On Wednesday, I participated in a World Bank event for their Adolescent Girls Initiative (AGI). AGI was launched in 2008 as part of the World Bank Group’s Gender Action Plan – Gender Equality as Smart Economics – which helps to increase women’s economic opportunities by improving their access to the labor market, agricultural land and technology, credit and infrastructure services.
Robert Zoellick, President of the World Bank and Dr. Ngozi Okonjo-Iweala, Managing Director, The World Bank Group, opened the event. My role was to both address the challenges girls face today and outline what the U.S. is doing to help them enter the workforce and pursue their dreams. For example, right now, girls make up 70 percent of the 125 million out-of-school youth around the world. One in seven girls in the developing world marries before the age of 15. And in too many countries, girls struggle every day with issues ranging from social isolation and violence to lack of access to aid and basic services. And just two weeks ago, at the United Nations, the President promised that the United States will do its part to invest in women and girls around the world, because, as he put it, “When mothers and daughters have access to opportunity, economies grow and governance improves.”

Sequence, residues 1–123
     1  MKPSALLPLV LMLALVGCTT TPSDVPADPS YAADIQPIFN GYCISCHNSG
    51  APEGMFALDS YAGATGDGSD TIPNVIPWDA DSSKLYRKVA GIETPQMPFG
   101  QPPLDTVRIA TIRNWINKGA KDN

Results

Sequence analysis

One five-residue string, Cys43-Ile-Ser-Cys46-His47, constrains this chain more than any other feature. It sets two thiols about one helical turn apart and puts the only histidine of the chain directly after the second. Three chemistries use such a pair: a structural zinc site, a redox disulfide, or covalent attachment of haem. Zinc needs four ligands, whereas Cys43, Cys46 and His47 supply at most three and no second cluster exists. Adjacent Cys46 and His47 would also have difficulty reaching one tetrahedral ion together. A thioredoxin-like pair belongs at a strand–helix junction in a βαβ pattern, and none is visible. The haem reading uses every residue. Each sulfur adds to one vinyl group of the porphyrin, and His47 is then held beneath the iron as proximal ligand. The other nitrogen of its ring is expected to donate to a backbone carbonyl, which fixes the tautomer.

The event also included remarks by Christy Turlington Burns, Anne Hathaway, and a special panel with young women who have participated in the program. I met some of these young women and they were remarkable. Their panel “A Conversation with Adolescent Girls” and “Increasing Economic Opportunity for Adolescent Girls and Young Women—The Agenda, the Challenge” was moderated by Emmanuel Jal, a Sudanese musician and former child soldier. Emmanuel then performed for the audience.
It was an honor to participate in the event because this World Bank program is truly making a difference and is right in line with the mission the of Council on Women and Girls.
Valerie Jarrett is Senior Advisor to the President and Chair of the White House Council on Women and Girls